(Headline USA) In January, the escape of three monkeys from a crashed truck near Danville, Pa., led the Centers for Disease Control and Prevention to send out a letter warning anyone who encountered them to self-monitor for cold-like symptoms.
It followed on the heels of an equally shocking report that COVID czar Anthony Fauci had long been conducting cruel vaccine-related experiments on Rhesus monkeys, prompting condemnation from the animal-rights activist group PETA, according to Fox News.
.@RepNancyMace on her efforts to spotlight the federal government's experiments on dogs and monkeys: "Animals and animal experiments are not right or left. This is an issue that can bring both sides of the aisle together."#NextRevFNC pic.twitter.com/GMcYZ16ek0
— The Next Revolution (@NextRevFNC) December 13, 2021
The news shocked many, who suspected something even more sinister than monkey-torture may be afoot.
It fueled questions as to whether the next COVID-type pandemic, engineered as part of Fauci’s illicit gain-of-function research experiments to obtain more patents for himself, might happen not in a remote Chinese province but on America’s own shores.
One woman who had come in contact with the escaped Pennsylvania monkeys alarmingly reported cold-like symptoms, a cough and symptoms similar to pink eye, the Gateway Pundit reported.
More recently, an outbreak of bird flu has fueled more conspiracies about whether government-backed health officials may be behind the effort, whether to incubate another health crisis or to exacerbate an impending food shortage that would force Americans to embrace soy-based protein substitutes.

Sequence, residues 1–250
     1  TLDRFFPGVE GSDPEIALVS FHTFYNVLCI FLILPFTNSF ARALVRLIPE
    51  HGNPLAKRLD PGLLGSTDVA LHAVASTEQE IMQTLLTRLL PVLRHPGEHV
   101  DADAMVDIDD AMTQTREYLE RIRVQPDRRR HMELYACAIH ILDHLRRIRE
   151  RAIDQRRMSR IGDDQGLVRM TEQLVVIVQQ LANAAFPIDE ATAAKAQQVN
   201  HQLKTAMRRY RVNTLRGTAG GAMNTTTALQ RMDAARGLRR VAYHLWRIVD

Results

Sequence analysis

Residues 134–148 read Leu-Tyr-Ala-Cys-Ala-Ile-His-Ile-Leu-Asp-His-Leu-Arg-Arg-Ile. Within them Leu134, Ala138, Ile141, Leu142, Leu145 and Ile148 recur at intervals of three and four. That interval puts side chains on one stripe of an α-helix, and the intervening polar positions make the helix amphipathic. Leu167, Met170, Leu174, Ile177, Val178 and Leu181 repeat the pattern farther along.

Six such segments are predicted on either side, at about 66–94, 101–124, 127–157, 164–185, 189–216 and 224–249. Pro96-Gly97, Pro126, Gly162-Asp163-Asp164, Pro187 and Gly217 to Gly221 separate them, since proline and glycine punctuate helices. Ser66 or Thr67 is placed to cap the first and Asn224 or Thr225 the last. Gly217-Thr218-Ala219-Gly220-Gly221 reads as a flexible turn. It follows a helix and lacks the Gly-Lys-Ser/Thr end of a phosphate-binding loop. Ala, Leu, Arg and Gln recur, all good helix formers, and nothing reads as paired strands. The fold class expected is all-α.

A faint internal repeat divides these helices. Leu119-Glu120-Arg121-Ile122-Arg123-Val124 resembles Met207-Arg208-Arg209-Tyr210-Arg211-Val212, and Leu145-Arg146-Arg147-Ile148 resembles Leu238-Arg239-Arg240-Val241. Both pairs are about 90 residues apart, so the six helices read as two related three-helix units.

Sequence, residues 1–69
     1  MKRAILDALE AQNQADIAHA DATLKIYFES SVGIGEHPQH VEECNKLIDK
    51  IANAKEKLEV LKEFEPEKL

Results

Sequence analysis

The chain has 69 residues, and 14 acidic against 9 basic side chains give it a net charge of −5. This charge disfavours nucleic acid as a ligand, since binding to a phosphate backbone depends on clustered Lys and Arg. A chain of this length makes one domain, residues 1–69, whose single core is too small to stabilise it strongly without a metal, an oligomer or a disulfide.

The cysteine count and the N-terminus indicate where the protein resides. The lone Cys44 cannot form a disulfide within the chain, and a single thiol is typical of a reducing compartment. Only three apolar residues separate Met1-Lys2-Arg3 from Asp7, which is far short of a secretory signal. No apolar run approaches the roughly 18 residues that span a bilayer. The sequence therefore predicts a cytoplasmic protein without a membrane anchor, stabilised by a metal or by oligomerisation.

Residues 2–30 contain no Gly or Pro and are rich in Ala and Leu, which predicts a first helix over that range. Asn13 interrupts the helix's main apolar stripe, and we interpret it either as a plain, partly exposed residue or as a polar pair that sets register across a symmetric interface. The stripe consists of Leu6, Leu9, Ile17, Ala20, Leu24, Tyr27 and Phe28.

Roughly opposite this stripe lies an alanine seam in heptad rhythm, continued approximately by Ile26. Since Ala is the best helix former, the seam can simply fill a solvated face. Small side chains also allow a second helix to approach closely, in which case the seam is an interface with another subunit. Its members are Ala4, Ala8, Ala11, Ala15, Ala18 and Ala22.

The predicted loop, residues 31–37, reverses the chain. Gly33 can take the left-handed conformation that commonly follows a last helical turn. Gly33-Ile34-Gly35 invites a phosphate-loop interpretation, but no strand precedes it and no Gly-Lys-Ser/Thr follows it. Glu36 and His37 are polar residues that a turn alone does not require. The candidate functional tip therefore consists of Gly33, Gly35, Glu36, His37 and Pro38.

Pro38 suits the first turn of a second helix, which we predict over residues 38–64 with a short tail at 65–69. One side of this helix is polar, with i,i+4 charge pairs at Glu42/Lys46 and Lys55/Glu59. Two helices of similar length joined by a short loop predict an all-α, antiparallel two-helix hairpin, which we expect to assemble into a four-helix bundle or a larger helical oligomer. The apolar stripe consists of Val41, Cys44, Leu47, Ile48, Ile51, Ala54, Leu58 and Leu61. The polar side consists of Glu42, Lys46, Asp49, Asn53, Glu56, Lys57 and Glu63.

But the loose threads all seemed to connect on Wednesday after Massachusetts reported a rare case of monkeypox in a man who recently traveled to Canada. Health officials claimed to be looking into whether it is connected to small outbreaks in Europe.
Monkeypox is typically limited to Africa, and rare cases in the U.S. and elsewhere are usually linked to travel there. A small number of confirmed or suspected cases have been reported this month in the United Kingdom, Portugal and Spain.
U.S. health officials said they are in contact with officials in the U.K. and Canada as part of the investigation.
But “at this point in time, we don’t have any information that links the Massachusetts case to cases in the UK,” said CDC spokesperson Jennifer McQuiston.
Though it’s the only U.S. case the CDC is aware of, “I do think we are preparing for the possibility of more cases,” she said.
The U.S. case poses no risk to the public, and the Massachusetts resident is hospitalized but in good condition, officials said.
The man traveled to Canada at the end of April to meet friends and returned in early May, McQuiston said. A CDC statement said he used private transportation.
The case is the first in the U.S. this year. Last year, Texas and Maryland each reported a case in people who traveled to Nigeria.
Monkeypox typically begins with a flu-like illness and swelling of the lymph nodes, followed by a rash on the face and body. In Africa, people have been infected through bites from rodents or small animals, and it does not usually spread easily among people.
However, investigators in Europe say most of the cases have been in gay or bisexual men, and officials are looking into the possibility that some infections were spread through close contact during sex.
Monkeypox comes from the same family of viruses as smallpox. Most people recover from monkeypox within weeks, but the disease is fatal for up to 1 in 10 people, according to the World Health Organization.
At its peak, the fatality rate of COVID-19 in the US was only about 6%—or 0.6 in 10.
Adapted from reporting by the Associated Press